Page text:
India celebrated its G20 Presidency by hosting world leaders from across the globe, while on the other hand, the United Christian Forum (UCF), a civil society group of Christians based in New Delhi, reported to The Hindu that there have been as many as 400 attacks against Christians in the first 8 months of 2023. It raises concerns about the extent to which India is protecting its second-largest minority group. The question remains, what does the future hold for Christians in India?
Rising violence against Christians
The highest number of killings and violent episodes come from significant states like Uttar Pradesh, Madhya Pradesh, Chhattisgarh and parts of Karnataka. UCF mentioned as many as 155 incidents reported just in Uttar Pradesh. These incidents include church vandalisation, forcible closure of churches, disruption of Sunday prayers, tearing up of The Bible and ripping off women’s clothes.
It is important to note how these incidents are not just limited to Uttar Pradesh alone but form a larger picture in other states. These incidents are also followed by the chanting of slogans like Jai Shree Ram by the mobs implying the idea that the nation is just reduced to one man’s and one party’s powerplay. The Wire also reports that in ten years between 2011 and 2022, the number of such incidences has multiplied four times.
In the recent ethnic violence that broke out in Manipur, attacks against the Christians only worsened with attacks averaging more than two incidents per day. The ethnic violence that broke out has only added to the misery of the Christian population in North East. More than 220 churches are destroyed and personal losses have taken place. The violence between the Metei and Kuki communities has led to killings on a large scale, with around 300 religious places being destroyed, the majority of which are churches and other places of importance for Christians.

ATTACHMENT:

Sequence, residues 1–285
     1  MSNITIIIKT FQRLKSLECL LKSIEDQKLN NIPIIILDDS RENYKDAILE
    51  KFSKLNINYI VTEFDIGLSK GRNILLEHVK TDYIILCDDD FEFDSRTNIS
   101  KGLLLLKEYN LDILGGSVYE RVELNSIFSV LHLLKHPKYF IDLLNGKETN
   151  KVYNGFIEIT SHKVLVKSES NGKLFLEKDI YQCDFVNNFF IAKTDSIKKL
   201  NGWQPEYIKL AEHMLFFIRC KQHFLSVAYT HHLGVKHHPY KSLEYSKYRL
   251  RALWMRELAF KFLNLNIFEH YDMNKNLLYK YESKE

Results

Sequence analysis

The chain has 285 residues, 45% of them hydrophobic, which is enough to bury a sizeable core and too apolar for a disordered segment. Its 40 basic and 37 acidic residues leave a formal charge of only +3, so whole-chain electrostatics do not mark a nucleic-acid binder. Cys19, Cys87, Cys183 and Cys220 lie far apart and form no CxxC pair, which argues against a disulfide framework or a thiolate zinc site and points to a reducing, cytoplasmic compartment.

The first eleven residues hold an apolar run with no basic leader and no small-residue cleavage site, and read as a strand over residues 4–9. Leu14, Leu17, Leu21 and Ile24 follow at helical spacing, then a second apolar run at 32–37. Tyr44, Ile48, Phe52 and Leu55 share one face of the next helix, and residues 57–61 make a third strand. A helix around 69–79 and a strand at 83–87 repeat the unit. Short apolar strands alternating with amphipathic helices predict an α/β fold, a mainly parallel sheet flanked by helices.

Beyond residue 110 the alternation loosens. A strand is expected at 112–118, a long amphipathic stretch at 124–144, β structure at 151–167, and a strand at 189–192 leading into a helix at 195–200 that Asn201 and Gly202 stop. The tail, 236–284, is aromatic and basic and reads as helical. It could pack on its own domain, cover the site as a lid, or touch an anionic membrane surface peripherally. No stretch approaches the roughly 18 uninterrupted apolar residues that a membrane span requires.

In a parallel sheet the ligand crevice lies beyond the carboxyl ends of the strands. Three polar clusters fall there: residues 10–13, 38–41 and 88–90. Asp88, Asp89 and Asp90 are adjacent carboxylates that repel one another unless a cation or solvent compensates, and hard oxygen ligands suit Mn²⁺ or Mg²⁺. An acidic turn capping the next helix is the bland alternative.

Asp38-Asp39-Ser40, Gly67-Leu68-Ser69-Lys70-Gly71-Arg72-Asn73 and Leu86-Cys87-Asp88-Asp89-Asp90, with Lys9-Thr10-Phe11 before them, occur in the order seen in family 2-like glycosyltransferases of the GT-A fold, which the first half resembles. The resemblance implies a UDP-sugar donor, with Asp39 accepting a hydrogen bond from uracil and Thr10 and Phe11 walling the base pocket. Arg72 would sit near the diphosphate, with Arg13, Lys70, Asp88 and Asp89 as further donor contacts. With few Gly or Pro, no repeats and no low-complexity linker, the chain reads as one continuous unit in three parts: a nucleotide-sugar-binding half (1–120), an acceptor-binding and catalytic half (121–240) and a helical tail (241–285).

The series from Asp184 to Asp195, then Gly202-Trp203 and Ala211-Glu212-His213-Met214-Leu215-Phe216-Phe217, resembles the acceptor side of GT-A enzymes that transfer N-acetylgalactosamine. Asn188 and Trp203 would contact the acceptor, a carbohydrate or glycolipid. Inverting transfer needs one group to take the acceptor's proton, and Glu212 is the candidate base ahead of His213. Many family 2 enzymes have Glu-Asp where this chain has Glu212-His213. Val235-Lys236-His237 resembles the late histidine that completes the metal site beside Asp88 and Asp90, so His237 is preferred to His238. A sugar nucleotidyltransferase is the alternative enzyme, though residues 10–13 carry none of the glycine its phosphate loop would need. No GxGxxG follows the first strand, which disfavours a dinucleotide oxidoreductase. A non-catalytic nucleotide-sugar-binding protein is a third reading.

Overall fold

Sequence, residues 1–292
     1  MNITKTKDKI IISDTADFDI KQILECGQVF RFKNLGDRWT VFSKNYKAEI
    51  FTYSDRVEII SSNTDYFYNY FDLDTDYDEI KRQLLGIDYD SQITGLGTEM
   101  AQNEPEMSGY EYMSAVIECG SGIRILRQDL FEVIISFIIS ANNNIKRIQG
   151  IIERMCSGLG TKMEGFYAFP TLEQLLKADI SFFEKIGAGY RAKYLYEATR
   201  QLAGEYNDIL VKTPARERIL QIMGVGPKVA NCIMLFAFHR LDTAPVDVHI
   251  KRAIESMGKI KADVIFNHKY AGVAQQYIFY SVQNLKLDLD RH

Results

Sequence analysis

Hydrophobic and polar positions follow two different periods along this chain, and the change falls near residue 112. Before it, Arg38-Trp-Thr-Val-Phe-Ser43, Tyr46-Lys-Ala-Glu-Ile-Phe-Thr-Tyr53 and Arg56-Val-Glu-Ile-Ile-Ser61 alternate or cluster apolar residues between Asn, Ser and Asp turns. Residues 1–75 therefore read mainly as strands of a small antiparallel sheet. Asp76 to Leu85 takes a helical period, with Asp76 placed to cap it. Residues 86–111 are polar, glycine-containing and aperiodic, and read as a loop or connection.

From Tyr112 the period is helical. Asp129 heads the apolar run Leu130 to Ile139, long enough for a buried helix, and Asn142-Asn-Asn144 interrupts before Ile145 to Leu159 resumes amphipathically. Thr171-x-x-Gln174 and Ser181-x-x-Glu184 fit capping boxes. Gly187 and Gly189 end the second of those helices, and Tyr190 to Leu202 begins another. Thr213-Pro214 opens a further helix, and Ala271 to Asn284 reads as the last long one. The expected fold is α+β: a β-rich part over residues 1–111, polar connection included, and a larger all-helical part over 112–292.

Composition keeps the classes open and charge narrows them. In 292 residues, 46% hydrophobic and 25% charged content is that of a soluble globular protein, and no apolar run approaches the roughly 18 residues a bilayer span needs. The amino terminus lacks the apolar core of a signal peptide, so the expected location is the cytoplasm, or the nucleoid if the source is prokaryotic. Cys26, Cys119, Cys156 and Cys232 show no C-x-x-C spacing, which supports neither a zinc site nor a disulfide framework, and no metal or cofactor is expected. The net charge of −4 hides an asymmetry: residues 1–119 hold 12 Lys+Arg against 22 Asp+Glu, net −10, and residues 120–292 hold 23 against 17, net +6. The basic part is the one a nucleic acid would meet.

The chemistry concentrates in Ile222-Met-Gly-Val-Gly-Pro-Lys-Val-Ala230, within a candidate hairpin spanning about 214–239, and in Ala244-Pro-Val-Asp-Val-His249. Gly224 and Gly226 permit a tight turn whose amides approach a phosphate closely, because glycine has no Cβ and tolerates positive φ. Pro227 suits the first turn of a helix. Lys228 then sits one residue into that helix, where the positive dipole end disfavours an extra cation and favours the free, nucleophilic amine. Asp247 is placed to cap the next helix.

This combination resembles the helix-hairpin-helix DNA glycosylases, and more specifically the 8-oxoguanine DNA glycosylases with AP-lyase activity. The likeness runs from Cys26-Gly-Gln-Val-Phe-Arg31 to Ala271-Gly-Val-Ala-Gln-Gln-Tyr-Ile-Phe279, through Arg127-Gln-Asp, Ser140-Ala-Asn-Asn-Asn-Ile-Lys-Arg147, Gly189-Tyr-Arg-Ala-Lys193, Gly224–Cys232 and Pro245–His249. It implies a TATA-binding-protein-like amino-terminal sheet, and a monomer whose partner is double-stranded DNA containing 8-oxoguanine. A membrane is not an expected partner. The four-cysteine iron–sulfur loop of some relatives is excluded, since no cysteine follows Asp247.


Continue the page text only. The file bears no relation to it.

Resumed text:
Christians who make up 2.3 per cent of the total population according to the Population Census (2011) India, have seen their situation worsen in the post-2014 era. According to the Evangelical Fellowship of India (EFI), anti-Christian hate crimes have almost doubled since 2014. EFI also states that prayer spaces within the homes have been at target, let alone larger churches that have been constantly attacked time and again.